Sleboda M. Dark Green Religion and Deep Ecology: Moving Towards a Synthesis of Traditionalism and Green Theory


Dark Green Religion and Deep Ecology: Moving Towards a Synthesis of Traditionalism and Green Theory
by Mark Sleboda

This brief paper will examine the ecocentric ‘Green Theories’ of ‘Dark Green Religion’ and ‘Deep Ecology’ from a Traditionalist perspective. It does not make the claim that these belief systems should in fact be considered ‘Traditionalist’, but will analyze and compare their basic principles and beliefs with the precepts of Traditionalism with the goal of beginning a dialogue to discuss commonalities and differences between them and eventually moving towards mutual acceptance and synthesis.

This paper will also not examine the related phenomenon of the ‘greening’ of the more established world religions such as Christianity, Islam, Hinduism, and Buddhism in light of modern ecological understanding and crises. While this remains an interesting and worthwhile field for discussion and exploration from a traditionalist perspective from a traditionalist perspective, time and space preclude it from this paper and presentation.

The rebirth of nature-centric faiths and spirituality and the aforementioned ‘greening’ of more established, institutionalized, and mainstream religions takes place in the context of global ecological crises and catastrophe as a result of the destructive lifestyles, processes, practices, and externalities of modernity driven by global capitalism and industrialism. Ecological and climate science tells us that as a result of anthropogenic activity that our planet has reached a number of planetary boundary limits which have already been crossed or are in imminent danger of being crossed all of which threaten not only the global biosphere but by extension, human civilization as well, including: climate change, ocean acidification, stratospheric ozone depletion, the nitrogen cycle, the phosphorous cycle, global freshwater use, change in land use, biodiversity loss, atmospheric aerosol loading, and chemical pollution (Rockstrom, Steffen and others, 2009).

Thus we have a scenario where one branch of science is telling us that the rest of science and the exploitation of its products by modernity, industrialism, and consumerism is threatening all life on the planet. This is a material concern of course, albeit of a global and existential scale, but it is much more than that. This is a spiritual failing and a very damning condemnation and critique of modernity and the very Enlightenment idea of ‘Progress’ with its accompanying materialism. Many ecological scientists themselves are arguing that pure positivism and reason have failed humanity as a methodology and that a new moral theory and supporting metaphysics of our place in the universe, a new ontology and epistemology, is needed in order to adequately deal with the crises and shift public behaviour. As such last they are at last turning back to inspiration from some of the earliest religious and spiritual beliefs to inform them of an earlier time when humanity lived in harmony as part of nature: the animism, shamanism, and paganism of hunter-gatherer and nomadic civilizations.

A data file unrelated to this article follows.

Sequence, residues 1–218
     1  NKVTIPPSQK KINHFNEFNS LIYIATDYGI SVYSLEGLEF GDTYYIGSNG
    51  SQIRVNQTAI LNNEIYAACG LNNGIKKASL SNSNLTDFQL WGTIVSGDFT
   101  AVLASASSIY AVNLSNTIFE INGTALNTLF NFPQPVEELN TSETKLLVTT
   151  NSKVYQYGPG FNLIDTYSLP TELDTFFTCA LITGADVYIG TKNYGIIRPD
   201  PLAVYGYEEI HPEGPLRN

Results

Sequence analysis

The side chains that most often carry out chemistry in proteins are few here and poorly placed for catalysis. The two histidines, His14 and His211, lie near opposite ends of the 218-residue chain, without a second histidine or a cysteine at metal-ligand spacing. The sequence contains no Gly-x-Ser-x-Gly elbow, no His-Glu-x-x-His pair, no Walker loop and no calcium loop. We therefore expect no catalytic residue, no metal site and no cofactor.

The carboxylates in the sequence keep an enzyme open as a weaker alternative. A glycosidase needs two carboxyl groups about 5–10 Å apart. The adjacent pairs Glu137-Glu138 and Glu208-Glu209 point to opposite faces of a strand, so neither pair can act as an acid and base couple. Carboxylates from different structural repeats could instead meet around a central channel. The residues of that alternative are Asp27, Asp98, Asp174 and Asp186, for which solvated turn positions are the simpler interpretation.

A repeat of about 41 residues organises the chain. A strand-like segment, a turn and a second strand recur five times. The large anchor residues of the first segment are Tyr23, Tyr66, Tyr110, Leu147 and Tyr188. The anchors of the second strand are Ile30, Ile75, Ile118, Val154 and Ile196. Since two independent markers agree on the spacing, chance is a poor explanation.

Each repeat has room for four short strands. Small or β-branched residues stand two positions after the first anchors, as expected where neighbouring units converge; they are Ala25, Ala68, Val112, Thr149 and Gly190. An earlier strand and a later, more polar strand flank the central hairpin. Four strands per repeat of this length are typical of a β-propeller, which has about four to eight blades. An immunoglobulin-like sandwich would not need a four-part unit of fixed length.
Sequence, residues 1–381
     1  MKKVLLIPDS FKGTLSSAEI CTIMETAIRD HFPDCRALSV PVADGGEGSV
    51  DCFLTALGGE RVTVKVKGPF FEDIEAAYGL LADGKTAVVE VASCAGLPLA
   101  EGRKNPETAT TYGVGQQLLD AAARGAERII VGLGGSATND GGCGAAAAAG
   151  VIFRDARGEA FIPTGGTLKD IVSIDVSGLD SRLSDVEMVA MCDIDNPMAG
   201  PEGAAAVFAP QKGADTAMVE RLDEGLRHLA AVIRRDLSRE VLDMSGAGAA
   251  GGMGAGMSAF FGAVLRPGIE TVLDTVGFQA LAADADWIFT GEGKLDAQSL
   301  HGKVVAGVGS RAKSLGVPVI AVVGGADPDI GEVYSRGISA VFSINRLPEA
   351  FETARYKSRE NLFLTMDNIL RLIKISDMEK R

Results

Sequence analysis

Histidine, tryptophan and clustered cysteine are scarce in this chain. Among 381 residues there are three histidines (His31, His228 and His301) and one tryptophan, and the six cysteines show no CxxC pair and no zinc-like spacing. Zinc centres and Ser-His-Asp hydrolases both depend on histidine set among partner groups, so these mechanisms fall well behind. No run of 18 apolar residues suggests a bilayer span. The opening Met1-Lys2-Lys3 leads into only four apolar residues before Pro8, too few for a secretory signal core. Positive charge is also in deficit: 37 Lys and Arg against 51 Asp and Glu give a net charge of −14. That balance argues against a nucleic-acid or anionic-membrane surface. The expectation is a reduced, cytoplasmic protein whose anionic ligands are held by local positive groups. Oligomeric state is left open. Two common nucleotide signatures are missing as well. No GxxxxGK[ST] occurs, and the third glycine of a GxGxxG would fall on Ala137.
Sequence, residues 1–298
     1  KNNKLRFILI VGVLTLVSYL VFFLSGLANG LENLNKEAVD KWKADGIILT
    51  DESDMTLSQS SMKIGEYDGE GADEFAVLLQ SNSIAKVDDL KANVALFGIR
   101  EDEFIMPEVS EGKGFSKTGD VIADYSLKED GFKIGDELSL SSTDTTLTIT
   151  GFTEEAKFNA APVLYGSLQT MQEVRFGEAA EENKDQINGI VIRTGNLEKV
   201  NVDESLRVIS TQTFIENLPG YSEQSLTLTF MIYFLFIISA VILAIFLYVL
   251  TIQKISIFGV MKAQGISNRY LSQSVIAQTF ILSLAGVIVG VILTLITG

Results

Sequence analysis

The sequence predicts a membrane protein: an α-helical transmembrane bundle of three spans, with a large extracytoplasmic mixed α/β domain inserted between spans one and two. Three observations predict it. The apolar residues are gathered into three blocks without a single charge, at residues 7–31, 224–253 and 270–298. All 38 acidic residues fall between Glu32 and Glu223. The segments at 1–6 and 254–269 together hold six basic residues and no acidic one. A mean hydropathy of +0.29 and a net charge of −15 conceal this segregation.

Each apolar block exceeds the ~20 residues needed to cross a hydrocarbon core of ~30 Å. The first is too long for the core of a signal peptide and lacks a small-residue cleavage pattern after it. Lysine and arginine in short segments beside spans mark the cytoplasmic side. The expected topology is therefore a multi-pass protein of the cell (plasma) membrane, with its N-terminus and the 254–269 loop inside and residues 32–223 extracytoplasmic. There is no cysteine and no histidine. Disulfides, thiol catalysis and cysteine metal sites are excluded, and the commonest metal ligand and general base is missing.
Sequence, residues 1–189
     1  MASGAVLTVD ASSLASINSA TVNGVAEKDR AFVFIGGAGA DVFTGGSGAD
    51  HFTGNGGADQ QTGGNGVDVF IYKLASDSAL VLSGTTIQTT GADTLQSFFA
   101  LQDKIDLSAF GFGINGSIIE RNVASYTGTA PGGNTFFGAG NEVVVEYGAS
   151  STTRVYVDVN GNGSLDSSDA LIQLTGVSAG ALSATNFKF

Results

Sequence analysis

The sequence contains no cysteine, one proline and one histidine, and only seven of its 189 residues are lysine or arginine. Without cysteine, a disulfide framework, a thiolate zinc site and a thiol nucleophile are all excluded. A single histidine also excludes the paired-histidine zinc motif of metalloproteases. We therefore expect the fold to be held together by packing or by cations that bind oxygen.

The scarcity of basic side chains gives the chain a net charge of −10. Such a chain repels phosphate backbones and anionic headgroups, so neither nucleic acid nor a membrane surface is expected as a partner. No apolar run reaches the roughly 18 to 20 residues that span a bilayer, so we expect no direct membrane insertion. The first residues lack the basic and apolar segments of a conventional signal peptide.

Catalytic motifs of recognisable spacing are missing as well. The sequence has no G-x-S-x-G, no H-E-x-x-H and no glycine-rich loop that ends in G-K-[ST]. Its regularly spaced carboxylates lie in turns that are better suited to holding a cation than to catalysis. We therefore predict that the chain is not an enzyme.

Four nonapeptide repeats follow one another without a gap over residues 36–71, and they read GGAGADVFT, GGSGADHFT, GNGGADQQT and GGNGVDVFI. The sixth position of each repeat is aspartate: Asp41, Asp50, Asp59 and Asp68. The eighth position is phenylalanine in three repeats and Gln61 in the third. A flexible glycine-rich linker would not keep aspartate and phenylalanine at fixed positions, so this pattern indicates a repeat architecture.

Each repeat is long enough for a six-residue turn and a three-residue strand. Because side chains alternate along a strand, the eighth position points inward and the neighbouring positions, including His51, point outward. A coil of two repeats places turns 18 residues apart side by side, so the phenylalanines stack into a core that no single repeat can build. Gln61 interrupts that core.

The traditionalist philosopher Seyyed Hossein Nasr said in
Man and Nature: The Spiritual Crisis in Modern Man, that,

The environmental crisis is so critical that it is necessary to quickly go beyond what has been done during the past few decades to solve it. What is required is the re-examination of our very understanding of what it means to be human and of what nature is, along with the establishment of the harmony between man and nature.”(Nasr, 2004, p.6)

Bron Taylor, an American scholar and conservationist, Professor of Religion and Nature, Environmental Ethics, and Environmental Studies at the University of Florida, has coined the term ‘dark green religion’ and developed it as a field. He broadly defined dark green religion as a bricolage of religions, or spiritual sets of beliefs and practices, characterized by a central conviction that "nature is sacred, has intrinsic value, and is therefore due reverent care." Tied in with this belief is a felt kinship with non-human entities and a conscious awareness of the interconnected and interdependent nature of life on the planet. Generally, these belief systems are deep ecological, biocentric, or ecocentric. Dark green religions as a rule reject an anthropocentric ontology and cosmogony, as well as positivist methodology, and are critical of modernity, materialism, consumerism, and the Enlightenment ideas of human progress. Dark green religions adopt a holistic rather than an atomized individualist perspective; that is, they value populations, species, ecosystems, and the ecosphere as a whole (Taylor, 2010, 45-57). Bron’s inclusion of the word ‘dark’ as a descriptor, is a reflection of the recognition that as a part of a sacred nature, man is both predator and prey, a grim recognition of the scale and scope of the environmental crises that confront us, and a reflection that in end result, revolutionary action and the use of violent force may well be necessary to change our societies’ behaviour in order to save the planet and avert our own civilizational suicide.

Taylor categorizes four inclusive general forms of dark green religion in the environmental milieu that have explanatory and interpretive power: Spiritual Animism, Naturalistic Animism, Gaian Spirituality, and Gaian Naturalism. These categories include within them such diverse belief systems as animism, shamanism, pantheism, panentheism, and many forms of paganism and ancient polytheism, as well as more modern forms of nature-centric spirituality, philosophies, and radical environmental activism. ‘Deep Ecology’ a modern ecocentric environmental philosophy with strong spiritual overtones, developed foremost by Norwegian philosopher Arne Naess, can also considered to fit within these categories of ‘dark green religion’ (Naess, 1989). Obviously not all of these types of dark green religion correspond well with Traditionalism, any more than all branches of Christianity or Islam do, however many of them, particularly those informed by ancient traditions, such as spiritual animism do. Therefore, the rest of this paper will focus on these more ‘traditionalist’ aspects of Dark Green Religion in comparison with Traditionalism.

While a diverse and eclectic field, the most vital defining characteristics of Traditionalism are commonly held to include the principle of perennialism, inversion, the necessity of initiation, and a focus on esotericism over exotericism (Sedgwick, 2004).